Sergey Smelov Sergey Smelov - 3 years ago 135
C++ Question

How to return optional debug information from a method?

Lets say I have a static method which compares two objects for a close match and returns some confidence level [0,1].

class Foo
static double Compare(const Foo& foo1, const Foo& foo2);

Now I need to return additional debug information containing comparison details depending on a setting in the configuration.
Since this debug information won't be used at production, but only in testing/debugging purposes I was wondering what is the appropriate way to implement it.

I see at least three options:

1: Create an additional class CompareResult and store confidence + optional info there. Don't populate the optional info if you don't need to.

class CompareResult
double confidence_;
CompareOptionalInfo compare_optional_info_;


static CompareResult Compare(const Foo& foo1, const Foo& foo2);

It seems to be the cleanest one, but I'm not sure if I should combine return result with an optional info.

2: Use output variable (this way we won't need to create an additional class, but our method signature will grow a bit)

static double Compare(const Foo& foo1, const Foo& foo2, CompareOptionalInfo* out_compare_info = nullptr);

3: Separate compare method with optional-info retrieval method.

static double Compare(const Foo& foo1, const Foo& foo2);
static CompareOptionalInfo GetCompareOptionalInfo();

This option would probably require to store this optional-info between the method invocations and shift from static compare method to the instance compare method.
But again, I'm not sure if it is appropriate or not.

From your experience, what is the appropriate way in OOP world to return optional information (which will be mostly used only in debug mode) from a method?

Answer Source

Option 3 is not a good idea at all : having functions depending on static data is not practical and could become even be a source of bugs in the debugging. Such a design is in addition not be thread safe ; what a pity it would be, to create such a restriction only for debugging purpose !

Examples of problems:

double closest = std::max (Foo::compare (x, y), Foo::compare (y,z));   
clog << Foo::GetCompareOptionalInfo();  // undefined which info since order of eval
                                        // of function parameter is not guaranteed

double d = Foo::compare (x, y); 
DoSomething();                    // what if this one does an unexpected  compare ? 
clog << Foo::GetCompareOptionalInfo();  

Option 2 is a viable solution, but it's not very convenient: it forces you to create info objects, pass them by address etc:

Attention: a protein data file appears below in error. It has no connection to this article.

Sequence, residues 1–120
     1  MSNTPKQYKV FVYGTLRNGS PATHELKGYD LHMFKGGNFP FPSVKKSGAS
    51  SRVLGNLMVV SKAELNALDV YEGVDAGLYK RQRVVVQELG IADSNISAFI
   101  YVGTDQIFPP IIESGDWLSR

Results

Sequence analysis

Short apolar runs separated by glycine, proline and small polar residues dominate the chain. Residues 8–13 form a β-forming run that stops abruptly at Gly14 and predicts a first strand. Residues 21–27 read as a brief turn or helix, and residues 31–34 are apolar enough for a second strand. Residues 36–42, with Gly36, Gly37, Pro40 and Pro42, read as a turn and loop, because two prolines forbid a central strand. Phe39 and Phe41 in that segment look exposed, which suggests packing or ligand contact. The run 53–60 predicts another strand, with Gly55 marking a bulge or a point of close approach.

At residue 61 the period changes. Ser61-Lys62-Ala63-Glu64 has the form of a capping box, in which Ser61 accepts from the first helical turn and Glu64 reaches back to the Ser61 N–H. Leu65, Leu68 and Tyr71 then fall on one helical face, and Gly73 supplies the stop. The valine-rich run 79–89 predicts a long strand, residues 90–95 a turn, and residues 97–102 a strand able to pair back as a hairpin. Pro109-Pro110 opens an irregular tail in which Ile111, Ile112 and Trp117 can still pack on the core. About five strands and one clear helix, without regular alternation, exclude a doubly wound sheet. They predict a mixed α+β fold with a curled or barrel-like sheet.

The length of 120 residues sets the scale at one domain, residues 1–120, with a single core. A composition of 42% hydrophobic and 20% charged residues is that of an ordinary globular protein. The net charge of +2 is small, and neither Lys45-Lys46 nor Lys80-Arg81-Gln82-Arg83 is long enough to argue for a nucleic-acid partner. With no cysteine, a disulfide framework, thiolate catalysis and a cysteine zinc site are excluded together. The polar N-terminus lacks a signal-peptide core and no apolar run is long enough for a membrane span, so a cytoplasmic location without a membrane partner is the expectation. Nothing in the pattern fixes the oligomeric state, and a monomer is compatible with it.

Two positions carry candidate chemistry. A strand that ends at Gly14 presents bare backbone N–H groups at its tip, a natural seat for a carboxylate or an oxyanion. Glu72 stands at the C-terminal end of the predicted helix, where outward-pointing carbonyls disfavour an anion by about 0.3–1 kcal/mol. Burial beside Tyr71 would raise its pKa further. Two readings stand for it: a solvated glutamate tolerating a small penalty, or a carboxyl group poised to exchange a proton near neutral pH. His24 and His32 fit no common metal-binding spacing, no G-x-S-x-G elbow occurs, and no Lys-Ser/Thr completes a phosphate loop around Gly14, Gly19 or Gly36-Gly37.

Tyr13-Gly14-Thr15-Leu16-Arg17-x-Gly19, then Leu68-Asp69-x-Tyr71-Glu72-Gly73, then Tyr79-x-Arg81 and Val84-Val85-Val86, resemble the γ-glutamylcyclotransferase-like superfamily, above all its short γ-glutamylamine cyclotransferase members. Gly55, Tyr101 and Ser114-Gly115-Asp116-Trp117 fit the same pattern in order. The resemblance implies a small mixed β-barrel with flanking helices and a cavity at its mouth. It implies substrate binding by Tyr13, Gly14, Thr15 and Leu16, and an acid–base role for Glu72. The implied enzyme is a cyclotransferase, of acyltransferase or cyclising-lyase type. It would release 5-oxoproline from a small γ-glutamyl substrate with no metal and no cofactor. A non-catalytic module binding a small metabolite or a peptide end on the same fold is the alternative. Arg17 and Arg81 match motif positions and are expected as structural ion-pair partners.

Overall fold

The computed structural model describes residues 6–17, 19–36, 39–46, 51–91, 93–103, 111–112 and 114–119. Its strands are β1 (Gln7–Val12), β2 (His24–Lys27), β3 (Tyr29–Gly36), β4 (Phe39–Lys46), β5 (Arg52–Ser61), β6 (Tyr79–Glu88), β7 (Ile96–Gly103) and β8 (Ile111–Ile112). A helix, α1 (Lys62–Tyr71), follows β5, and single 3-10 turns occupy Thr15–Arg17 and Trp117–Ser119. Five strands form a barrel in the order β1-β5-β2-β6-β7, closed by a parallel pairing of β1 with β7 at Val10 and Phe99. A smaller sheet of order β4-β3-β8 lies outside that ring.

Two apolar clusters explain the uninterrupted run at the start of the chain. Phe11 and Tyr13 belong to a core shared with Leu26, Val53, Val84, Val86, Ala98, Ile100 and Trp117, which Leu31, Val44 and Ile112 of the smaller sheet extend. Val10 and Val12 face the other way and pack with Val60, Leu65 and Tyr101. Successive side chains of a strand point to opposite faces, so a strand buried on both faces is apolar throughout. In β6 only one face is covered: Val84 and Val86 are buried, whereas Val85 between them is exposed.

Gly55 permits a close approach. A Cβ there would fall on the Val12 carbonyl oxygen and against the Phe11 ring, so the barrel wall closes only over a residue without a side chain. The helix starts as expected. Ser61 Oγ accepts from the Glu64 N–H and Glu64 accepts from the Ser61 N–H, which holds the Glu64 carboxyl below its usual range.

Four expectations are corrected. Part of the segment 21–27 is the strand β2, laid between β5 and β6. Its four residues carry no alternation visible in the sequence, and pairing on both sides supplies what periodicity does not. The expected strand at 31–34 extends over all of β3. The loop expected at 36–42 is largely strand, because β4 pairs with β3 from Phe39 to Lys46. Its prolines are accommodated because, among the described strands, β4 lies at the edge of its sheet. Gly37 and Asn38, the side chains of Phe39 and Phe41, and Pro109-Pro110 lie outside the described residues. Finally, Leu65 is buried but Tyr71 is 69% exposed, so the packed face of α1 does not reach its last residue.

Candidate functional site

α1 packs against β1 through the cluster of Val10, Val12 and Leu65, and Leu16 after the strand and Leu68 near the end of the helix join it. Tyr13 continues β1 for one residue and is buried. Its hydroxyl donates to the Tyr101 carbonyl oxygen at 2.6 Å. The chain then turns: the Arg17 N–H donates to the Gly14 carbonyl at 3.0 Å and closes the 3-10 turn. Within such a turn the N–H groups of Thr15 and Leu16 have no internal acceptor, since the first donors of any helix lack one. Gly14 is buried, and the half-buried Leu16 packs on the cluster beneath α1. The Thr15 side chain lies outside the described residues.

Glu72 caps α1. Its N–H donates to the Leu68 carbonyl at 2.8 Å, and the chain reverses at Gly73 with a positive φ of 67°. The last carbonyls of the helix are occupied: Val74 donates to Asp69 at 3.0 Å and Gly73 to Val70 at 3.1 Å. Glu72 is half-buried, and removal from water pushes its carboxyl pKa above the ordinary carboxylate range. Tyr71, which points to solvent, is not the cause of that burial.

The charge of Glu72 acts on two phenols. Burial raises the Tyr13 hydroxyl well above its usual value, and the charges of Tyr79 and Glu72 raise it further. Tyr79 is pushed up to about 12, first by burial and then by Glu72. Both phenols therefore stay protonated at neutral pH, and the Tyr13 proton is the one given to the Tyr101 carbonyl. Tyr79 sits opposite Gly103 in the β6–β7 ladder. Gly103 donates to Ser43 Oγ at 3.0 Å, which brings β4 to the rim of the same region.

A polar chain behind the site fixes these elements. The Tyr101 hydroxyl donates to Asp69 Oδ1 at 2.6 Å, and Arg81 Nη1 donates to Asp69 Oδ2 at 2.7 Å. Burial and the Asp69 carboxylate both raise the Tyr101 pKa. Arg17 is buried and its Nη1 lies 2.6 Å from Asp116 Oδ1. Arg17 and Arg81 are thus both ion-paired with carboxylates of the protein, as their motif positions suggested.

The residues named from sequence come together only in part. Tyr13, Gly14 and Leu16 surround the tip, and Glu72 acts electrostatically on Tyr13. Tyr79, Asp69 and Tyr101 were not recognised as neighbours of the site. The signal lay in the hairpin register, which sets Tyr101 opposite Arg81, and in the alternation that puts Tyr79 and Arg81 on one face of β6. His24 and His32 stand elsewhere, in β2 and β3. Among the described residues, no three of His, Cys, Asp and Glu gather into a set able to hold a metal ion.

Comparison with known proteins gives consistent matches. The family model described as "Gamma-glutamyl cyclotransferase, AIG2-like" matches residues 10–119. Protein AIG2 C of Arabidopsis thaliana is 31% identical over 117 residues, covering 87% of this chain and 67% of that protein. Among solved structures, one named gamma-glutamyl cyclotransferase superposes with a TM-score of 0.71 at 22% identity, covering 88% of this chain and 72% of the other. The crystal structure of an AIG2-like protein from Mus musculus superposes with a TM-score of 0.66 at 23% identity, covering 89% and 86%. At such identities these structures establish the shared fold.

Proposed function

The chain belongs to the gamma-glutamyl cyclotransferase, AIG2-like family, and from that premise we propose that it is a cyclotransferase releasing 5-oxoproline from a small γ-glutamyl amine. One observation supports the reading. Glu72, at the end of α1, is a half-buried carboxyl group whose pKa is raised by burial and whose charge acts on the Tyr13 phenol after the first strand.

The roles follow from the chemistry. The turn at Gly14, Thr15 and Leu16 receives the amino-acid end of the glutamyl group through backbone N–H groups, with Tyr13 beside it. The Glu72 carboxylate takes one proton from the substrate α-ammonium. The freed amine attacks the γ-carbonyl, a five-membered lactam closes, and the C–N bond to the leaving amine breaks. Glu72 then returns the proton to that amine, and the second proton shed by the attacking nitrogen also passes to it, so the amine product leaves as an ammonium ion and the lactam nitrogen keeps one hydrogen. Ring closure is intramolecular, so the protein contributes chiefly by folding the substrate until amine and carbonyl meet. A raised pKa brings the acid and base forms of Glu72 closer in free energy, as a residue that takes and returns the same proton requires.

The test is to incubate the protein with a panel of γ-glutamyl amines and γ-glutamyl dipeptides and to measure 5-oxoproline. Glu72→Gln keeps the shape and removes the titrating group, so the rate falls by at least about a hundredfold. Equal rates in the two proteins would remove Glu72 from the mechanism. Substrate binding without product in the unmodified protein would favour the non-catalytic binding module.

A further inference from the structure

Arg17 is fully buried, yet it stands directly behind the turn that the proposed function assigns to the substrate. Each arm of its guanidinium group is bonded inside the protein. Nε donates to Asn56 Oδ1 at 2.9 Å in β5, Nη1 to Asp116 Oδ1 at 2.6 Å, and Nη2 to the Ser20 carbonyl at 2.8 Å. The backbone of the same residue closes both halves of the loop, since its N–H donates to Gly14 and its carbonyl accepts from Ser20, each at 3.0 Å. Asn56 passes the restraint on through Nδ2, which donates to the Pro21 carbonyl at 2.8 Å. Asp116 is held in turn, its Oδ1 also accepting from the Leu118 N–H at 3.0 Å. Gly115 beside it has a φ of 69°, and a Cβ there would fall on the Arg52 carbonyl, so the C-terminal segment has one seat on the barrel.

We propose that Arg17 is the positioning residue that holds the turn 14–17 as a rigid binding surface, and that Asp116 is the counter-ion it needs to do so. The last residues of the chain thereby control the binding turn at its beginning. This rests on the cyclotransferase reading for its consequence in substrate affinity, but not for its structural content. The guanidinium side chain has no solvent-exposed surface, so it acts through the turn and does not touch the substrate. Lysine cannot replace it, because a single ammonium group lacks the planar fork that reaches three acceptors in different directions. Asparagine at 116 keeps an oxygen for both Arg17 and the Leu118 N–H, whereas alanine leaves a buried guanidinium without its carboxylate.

Foo::OptionalCompareInfo o1,o2;    // cumbersome 
double closest = std::max (Foo::compare (x, y, &o1), Foo::compare (y,z, &o2));   

In addition, you would create these optional infos and pass the extra argument in production as well, even if you no longer update the info there (unless you put a lot of extra conditional compilation) !

Option 1 is excellent ! Go for it ! It really takes benefit of the OOP paradigm and uses a clean design. It's practical to use and don't impose constraints on your code to use it.

All you need is to provide some (implicit) conversion function to use your CompareResult almost as if it were a double:

class CompareResult
  CompareResult(double d=0.0) : confidence_(d) {}; 
  operator double() { return confidence_; }
  operator bool() { return confidence_>0.5; }   
  double confidence_;
  CompareOptionalInfo compare_optional_info_;

online demo

Your production code would be unaffected by the debugging information. And you could in your debugging ALWAYS trace back the explanation of any given comparison result, at least if you store it:


auto result = Foo::compare (x, y)
if (result) ... // uses automatically the conversion

auto closest = std::max (Foo::compare (x, y), Foo::compare (y,z));
// here you not only know the closest match but could explain it ! 

vector<CompareResult> v;  
... // populate the vector with 10 000 comparison results
auto r = std::max_element(v.begin(), v.end());  
    // you could still explain the compare info for the largest value 
    // if you're interested in the details of this single value
    // how would you do this with option 3 or option 2 ?     

Ok, for the very last one to work you'd also need a comparison operator for your additional class. But that's one line of code more (see the online demo) ;-)

Finally, it could turn out that your "optional debug info" could prove to be more useful than expected, for example to provide the user additional explanations upon request. All you need to do then, would be to remove the conditional #ifdef DEBUG surrounding the calculation of the optional info.

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